Q Merry Christmas. Particularly to the person who stole my car from the front of my house on Christmas Day between 10 a.m. and 1 p.m. I hope you enjoy the two bags of cat food, three cases of soda, my 10-year collection of CDs, the iPhone amplifier, the C sticker which will let you park in the county parking lot and my 24-hour fitness pass as well as $200 worth of Christmas presents that were in the trunk.
To everyone else, if you see a 1999 green Honda Civic with MARMOBL plates, please call police.
A To the zillions of Roadshow faithful, we need to find Margaret's car or the thieves
Here's more of the story. Margaret went to Safeway to get three more potatoes for her special Christmas mashed potatoes, returning home at 10 a.m. and locking her car. Three hours later she went out to get some Perrier water in the trunk and found her car gone. Police told her that '90s Hondas are among the most stolen cars now because they are needed for parts. She is hoping her car was just taken for a joy ride, but her insurance company did not hold out much hope.
Vehicle thefts fell 1.3 percent
Q Gary, I was out walking on a recent chilly morning and counted a half-dozen cars idling unattended in their driveways by owners who I assume wanted to jump into a warm car. People who do this are just asking for their cars to be stolen.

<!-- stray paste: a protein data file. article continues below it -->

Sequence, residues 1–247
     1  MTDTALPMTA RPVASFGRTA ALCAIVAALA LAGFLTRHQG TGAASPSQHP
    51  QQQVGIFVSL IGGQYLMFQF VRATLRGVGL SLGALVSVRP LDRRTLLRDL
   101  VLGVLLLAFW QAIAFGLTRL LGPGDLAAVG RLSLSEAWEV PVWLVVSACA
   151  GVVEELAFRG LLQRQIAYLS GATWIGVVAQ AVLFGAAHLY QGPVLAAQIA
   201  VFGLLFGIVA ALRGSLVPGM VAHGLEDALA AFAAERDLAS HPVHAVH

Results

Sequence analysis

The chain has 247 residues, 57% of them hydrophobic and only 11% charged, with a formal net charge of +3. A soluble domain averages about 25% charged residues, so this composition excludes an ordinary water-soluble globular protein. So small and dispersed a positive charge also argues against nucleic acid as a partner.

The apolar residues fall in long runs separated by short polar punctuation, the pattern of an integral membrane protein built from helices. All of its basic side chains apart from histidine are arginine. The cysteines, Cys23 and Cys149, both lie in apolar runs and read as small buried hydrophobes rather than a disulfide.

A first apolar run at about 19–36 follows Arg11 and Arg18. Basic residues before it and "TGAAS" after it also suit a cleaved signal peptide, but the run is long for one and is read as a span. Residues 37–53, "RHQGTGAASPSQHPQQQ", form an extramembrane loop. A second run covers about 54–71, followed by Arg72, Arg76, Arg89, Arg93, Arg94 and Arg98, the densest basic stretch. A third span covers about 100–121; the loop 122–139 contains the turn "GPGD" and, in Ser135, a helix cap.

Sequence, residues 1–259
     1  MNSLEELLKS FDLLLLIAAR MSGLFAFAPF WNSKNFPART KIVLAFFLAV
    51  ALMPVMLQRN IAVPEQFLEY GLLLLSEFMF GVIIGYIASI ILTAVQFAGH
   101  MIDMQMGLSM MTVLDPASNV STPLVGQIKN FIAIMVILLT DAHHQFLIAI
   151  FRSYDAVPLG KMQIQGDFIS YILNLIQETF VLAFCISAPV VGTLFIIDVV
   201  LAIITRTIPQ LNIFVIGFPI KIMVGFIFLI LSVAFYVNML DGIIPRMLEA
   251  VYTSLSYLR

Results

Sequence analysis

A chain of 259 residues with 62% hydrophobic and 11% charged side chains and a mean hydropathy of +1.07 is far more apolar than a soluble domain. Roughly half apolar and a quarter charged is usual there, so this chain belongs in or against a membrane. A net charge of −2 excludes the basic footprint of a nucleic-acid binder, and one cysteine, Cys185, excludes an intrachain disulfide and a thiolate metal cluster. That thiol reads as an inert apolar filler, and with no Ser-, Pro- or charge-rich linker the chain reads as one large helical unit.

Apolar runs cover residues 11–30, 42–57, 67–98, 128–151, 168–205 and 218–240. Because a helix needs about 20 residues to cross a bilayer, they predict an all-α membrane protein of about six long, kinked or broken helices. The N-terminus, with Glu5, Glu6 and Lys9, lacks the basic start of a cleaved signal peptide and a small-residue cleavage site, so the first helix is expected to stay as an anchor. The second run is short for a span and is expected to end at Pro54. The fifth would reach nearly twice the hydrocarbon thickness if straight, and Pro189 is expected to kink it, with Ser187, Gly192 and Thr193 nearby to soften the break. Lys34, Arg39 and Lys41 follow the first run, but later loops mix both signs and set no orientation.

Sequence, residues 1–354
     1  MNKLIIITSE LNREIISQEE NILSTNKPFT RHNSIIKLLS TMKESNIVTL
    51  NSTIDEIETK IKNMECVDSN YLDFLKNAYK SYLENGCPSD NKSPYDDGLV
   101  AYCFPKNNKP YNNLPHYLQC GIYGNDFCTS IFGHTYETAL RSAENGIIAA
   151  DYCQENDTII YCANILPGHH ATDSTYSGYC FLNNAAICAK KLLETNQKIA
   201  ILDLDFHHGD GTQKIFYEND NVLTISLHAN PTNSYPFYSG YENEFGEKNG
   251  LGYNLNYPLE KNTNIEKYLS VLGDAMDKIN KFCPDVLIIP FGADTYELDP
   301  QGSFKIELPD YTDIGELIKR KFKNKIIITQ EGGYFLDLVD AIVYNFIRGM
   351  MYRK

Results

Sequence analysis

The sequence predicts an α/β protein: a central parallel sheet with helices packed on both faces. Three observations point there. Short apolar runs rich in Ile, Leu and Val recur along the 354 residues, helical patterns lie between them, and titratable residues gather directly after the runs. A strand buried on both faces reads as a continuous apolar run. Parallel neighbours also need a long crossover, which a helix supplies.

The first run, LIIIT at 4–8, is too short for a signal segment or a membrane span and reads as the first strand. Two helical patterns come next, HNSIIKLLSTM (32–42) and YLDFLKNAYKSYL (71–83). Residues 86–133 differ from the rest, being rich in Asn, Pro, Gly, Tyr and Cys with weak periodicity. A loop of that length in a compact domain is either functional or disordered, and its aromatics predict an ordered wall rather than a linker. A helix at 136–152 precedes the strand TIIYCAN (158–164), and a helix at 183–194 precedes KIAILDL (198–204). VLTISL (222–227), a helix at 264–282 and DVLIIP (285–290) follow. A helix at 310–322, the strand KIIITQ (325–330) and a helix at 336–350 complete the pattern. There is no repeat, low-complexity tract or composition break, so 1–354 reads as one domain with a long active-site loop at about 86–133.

A Yes, they are. Police say leaving the engine running on a locked car is a big target for thieves, who often cruise neighborhoods looking for an easy target. It takes just a second to break a window and zip off.
Here are other tips police offer to ward off car thieves:
Q I just want to warn people who park at the Hayward BART station. My 1997 Toyota 4 Runner was parked there from about 8:30 a.m. to 2:30 p.m. one day and someone stole the catalytic converter. It was parked at the end of an aisle near the street. Just wanted to send a warning.
Q Catalytic converters are sometimes a target for thieves not because of the part itself, but because they can contain the metals platinum, palladium, rhodium or gold, which can be worth several hundred dollars per ounce.
You can get devices that lock the converter in place with a series of cables running back and forth around it. While not a perfect solution, this does make it harder and more time-consuming for a thief to remove the converter.
Toyota trucks and older SUVs are prime targets because thieves can easily get beneath the truck and the method of mounting the catalytic convert allows relatively fast, quiet removal.
Q About the time the barriers were put up for construction at Montague Expressway and Interstate 880 the left metering light stopped working. Now those of us in the next lane where the meter is working have to merge with high-speed traffic buzzing by the broken light. This is further confounded by darkness and the construction jumble, which makes identification of the cars we must avoid difficult. Can we please either fix the broken light or turn the functional one off?
A The light should be turned back on soon. Thieves made off with the wiring.